The US Department of Justice (DOJ) has weighed in on the complex issue of gene patenting against the principle that genes should be eligible for patent protection, reversing the government's position on the matter and causing consternation for many biotechnology companies. This week it issued a legal brief as a 'friend of the court' joining a lawsuit challenging the rights of companies to patent genetic technologies.
The American Civil Liberties Union and Public Patent Foundation recently organised a lawsuit to challenge a specific patent held by biotechnology company Myriad Genetics. The court ruled in March 2010 that patents on tests for BRCA1 and BRCA2 genes, which are both implicated in increased risk of breast and ovarian cancer in women, were invalid. Myriad's patent allows them to charge $3,000 for the use of their exclusive diagnostic technology. The company has now taken the case to the higher Court of Appeal which is yet to pass judgment. In the meantime, gene patenting in the country continues and the US Patent and Trademark Office has said it will not reject patents for genes whilst litigation is pending.
The US does not permit patents for actual genes but on genetic sequences identified by researchers, on genetic tests for those sequences, and on correlations between sequences and specific diseases like Alzheimer's. The US Patent and Trademark Office has issued 35,000 patents involving around 2,000 human genes. The government has generally supported the rights of researchers and companies to patent their research but the latest move effectively sides DOJ with the plaintiffs in this matter, say lawyers for the American Civil Liberties Union.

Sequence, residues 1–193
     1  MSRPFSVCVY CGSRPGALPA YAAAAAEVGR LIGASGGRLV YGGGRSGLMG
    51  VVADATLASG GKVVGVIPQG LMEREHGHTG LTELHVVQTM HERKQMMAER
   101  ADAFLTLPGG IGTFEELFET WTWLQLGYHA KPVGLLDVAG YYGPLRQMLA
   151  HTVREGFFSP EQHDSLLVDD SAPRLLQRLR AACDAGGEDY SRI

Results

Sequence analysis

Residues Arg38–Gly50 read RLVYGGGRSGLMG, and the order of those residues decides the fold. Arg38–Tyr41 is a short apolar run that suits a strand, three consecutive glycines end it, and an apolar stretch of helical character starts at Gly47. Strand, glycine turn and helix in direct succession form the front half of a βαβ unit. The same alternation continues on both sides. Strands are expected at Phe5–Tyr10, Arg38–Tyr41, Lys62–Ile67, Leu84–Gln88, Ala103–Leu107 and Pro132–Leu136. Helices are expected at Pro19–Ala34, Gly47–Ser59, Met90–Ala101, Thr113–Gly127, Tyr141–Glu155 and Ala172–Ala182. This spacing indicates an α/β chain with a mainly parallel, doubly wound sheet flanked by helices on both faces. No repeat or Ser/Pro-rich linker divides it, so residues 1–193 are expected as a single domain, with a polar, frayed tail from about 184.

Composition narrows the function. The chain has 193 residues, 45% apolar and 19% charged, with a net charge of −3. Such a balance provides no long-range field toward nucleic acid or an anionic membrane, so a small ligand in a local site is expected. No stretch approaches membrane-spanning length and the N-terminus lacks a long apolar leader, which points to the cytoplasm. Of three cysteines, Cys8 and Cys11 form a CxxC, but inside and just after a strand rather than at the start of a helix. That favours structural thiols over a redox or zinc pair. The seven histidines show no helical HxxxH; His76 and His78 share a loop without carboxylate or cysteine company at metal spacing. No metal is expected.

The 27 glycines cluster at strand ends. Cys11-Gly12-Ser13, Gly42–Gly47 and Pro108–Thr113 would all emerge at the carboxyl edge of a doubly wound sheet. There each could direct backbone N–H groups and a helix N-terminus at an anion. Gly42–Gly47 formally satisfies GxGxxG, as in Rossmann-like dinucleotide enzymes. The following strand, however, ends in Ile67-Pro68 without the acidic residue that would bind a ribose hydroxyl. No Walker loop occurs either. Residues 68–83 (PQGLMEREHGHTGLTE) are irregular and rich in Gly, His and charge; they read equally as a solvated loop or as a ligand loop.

In the brief, lawyers from the DOJ stated: 'The chemical structure of native human genes is a product of nature, and it is no less a product of nature when that structure is 'isolated' from its natural environment than are cotton fibres that have been separated from cotton seeds or coal that has been extracted from the earth'.
The US Biotechnology Industry Organisation (BIO) is not pleased. 'If adopted, the Department of Justice's position would undermine US global leadership and investment in the life sciences', said BIO president Jim Greenwood. Hans Sauer, a lawyer working for BIO, explained: 'Gene patents are no different than patents granted to antibiotics extracted from fungus or to adrenaline purified from cow tissue'. He asked how companies are expected to recoup the costs of their research without patent protection, with development costs for a new drug costing on average $1.2 billion.
The US government says it awards patents to promote scientific progress. Without them, it says researchers might not want to pursue research for fear that others would duplicate and sell off their work without compensation. But it has tried to find a balance between granting patent protection and allowing access to genetic research. In October, a committee from the Department of Health and Human Services recommended changing federal law so that those who use genetic sequences patented by others to diagnose patients cannot be sued for patent infringement.